“Names Are the Guest of Reality”: Apophasis, Mysticism, and Soteriology in Daoist Perspective

Part of the Comparative Philosophy of Religion book series (COPR, volume 1)


How does one speak the unspeakable, say the unsayable, name the unnamable? How does one subvert the human tendency to become mired in intellectual constructs, philosophical rumination, and psychological confusion, especially with respect to matters of ultimate concern? This chapter examines Daoist uses of “apophatic discourse” and “grammars of ineffability,” or the way in which (apparent) negation is central to Daoist approaches. In addition to providing a foundational introduction to Daoism in general and the Zhuangzi (Book of Master Zhuang) in particular, I explore Daoist meditation and mystical experience, with attentiveness to representative modes of expression and description. In the process, I suggest that one must understand Daoist contemplative practice and mystical experience as the root of “Daoist philosophy.” Daoist apophatic discourse presupposes a contemplative and mystical perspective on being and sacrality. It is a praxis-based and experiential perspective. Daoist views of language in turn reveal alternative uses of linguistic expression, beyond mere communication and description. We may begin to imagine “soteriological linguistics.”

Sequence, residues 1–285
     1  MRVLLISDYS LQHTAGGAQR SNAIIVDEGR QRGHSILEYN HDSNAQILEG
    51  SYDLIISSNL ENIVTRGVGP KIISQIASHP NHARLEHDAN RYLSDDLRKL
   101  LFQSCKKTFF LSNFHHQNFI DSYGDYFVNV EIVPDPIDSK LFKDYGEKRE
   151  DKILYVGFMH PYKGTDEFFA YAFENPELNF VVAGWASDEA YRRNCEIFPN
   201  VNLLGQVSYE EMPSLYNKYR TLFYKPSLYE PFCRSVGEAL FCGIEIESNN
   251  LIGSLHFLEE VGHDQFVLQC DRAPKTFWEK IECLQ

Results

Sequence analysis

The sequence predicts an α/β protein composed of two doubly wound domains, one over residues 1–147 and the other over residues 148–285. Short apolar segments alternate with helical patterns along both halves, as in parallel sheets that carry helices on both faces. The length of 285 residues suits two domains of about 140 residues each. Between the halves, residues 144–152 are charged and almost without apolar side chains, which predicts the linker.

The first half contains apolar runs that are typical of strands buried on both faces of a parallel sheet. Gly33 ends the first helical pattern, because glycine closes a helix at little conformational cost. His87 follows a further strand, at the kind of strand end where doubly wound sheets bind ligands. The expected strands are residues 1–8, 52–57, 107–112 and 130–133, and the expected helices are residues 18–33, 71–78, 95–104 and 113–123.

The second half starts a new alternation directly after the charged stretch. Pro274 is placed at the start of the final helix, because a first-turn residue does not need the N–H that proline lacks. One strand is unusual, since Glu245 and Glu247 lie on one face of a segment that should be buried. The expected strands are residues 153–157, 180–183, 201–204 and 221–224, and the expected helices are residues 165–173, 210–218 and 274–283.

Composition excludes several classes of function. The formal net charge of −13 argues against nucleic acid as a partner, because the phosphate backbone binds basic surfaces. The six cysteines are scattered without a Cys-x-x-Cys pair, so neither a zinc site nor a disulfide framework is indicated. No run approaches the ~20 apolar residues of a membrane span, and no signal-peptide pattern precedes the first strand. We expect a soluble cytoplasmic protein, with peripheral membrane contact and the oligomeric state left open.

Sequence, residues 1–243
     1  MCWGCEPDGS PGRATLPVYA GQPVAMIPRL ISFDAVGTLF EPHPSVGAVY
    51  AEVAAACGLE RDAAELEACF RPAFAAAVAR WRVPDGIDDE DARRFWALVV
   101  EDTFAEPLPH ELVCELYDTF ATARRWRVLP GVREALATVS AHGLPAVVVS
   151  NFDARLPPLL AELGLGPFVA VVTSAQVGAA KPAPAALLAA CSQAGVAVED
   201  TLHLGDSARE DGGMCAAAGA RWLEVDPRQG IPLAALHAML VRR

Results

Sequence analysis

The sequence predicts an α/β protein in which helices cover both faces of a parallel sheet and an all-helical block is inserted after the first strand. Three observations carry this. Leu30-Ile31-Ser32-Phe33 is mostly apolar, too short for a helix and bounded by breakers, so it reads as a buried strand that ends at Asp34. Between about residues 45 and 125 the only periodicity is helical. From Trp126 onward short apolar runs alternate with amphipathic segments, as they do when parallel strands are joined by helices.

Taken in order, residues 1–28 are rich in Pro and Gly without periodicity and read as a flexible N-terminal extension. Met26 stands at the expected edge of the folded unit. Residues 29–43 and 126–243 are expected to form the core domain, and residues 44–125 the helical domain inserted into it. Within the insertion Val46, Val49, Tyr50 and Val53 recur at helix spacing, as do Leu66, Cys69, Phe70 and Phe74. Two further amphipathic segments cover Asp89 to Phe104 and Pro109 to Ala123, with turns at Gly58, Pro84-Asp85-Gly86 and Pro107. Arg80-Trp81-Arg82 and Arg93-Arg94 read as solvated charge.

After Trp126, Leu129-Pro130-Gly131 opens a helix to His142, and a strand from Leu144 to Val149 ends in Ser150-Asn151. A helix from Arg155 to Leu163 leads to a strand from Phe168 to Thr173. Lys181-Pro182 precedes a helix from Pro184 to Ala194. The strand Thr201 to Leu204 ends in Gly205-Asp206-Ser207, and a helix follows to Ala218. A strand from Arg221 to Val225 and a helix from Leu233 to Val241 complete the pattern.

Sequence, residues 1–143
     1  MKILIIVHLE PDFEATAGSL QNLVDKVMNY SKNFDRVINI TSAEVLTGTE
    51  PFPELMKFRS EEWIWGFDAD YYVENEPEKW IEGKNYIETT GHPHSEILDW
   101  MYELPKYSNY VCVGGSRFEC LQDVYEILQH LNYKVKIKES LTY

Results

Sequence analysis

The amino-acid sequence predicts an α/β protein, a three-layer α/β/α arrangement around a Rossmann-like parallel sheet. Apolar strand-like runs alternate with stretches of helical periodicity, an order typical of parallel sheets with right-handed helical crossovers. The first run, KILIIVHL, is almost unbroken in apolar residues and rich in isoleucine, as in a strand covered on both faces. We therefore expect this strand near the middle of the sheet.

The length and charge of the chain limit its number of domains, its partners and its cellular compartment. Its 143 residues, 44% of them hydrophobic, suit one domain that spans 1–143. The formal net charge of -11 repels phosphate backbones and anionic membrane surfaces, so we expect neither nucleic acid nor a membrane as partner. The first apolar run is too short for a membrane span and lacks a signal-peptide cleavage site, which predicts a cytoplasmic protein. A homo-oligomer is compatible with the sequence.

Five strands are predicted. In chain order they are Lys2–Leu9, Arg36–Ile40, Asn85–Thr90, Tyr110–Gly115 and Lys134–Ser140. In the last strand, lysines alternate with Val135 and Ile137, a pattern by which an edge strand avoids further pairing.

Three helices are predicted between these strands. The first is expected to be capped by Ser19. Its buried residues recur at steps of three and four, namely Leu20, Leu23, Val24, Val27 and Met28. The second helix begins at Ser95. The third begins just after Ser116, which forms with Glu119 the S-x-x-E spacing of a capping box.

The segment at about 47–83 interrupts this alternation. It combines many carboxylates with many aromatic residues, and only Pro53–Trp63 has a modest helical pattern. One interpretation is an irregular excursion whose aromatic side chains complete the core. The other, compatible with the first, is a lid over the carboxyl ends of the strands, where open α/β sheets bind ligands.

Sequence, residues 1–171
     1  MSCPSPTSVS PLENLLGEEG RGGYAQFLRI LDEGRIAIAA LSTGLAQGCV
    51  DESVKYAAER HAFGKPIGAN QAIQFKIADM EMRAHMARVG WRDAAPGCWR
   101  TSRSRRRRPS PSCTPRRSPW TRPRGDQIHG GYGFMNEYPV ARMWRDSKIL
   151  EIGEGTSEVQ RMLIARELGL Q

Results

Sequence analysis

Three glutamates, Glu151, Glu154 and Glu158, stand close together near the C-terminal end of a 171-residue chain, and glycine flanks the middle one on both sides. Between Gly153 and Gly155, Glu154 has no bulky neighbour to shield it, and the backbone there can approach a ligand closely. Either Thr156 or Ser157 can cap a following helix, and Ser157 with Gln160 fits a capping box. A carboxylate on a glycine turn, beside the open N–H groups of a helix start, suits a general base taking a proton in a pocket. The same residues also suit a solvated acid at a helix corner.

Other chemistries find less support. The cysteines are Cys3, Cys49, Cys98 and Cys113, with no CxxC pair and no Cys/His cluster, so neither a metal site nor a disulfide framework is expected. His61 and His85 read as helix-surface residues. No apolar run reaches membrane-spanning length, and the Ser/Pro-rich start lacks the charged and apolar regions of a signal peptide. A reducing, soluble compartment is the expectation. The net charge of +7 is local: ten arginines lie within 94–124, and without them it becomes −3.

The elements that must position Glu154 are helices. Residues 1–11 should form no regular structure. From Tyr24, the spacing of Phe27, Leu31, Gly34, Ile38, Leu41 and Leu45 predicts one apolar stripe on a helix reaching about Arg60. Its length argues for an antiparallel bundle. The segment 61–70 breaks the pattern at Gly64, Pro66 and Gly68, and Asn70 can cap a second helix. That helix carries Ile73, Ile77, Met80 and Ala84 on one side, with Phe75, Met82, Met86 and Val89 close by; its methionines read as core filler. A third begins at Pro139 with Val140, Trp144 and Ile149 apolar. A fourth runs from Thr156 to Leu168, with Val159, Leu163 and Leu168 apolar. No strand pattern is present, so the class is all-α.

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© Springer International Publishing AG 2017

Authors and Affiliations

  1. 1.University of San DiegoSan DiegoUSA

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